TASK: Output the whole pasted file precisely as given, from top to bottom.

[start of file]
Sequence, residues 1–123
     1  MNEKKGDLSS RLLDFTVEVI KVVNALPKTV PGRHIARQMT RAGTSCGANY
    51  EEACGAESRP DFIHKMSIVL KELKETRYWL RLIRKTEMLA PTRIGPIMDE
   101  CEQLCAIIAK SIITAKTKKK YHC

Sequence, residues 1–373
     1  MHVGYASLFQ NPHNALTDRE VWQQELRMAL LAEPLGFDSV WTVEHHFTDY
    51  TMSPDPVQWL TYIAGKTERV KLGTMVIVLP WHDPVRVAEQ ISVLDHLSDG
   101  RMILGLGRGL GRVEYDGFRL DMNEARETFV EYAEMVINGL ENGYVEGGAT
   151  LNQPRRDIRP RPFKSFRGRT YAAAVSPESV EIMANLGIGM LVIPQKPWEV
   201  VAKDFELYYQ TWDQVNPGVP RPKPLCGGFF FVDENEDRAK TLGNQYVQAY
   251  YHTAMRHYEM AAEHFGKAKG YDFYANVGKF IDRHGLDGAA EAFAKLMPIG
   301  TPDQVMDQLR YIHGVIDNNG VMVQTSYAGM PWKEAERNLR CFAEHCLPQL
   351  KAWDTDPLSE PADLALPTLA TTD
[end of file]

Sequence, residues 1–123
     1  MNEKKGDLSS RLLDFTVEVI KVVNALPKTV PGRHIARQMT RAGTSCGANY
    51  EEACGAESRP DFIHKMSIVL KELKETRYWL RLIRKTEMLA PTRIGPIMDE
   101  CEQLCAIIAK SIITAKTKKK YHC

Sequence, residues 1–373
     1  MHVGYASLFQ NPHNALTDRE VWQQELRMAL LAEPLGFDSV WTVEHHFTDY
    51  TMSPDPVQWL TYIAGKTERV KLGTMVIVLP WHDPVRVAEQ ISVLDHLSDG
   101  RMILGLGRGL GRVEYDGFRL DMNEARETFV EYAEMVINGL ENGYVEGGAT
   151  LNQPRRDIRP RPFKSFRGRT YAAAVSPESV EIMANLGIGM LVIPQKPWEV
   201  VAKDFELYYQ TWDQVNPGVP RPKPLCGGFF FVDENEDRAK TLGNQYVQAY
   251  YHTAMRHYEM AAEHFGKAKG YDFYANVGKF IDRHGLDGAA EAFAKLMPIG
   301  TPDQVMDQLR YIHGVIDNNG VMVQTSYAGM PWKEAERNLR CFAEHCLPQL
   351  KAWDTDPLSE PADLALPTLA TTD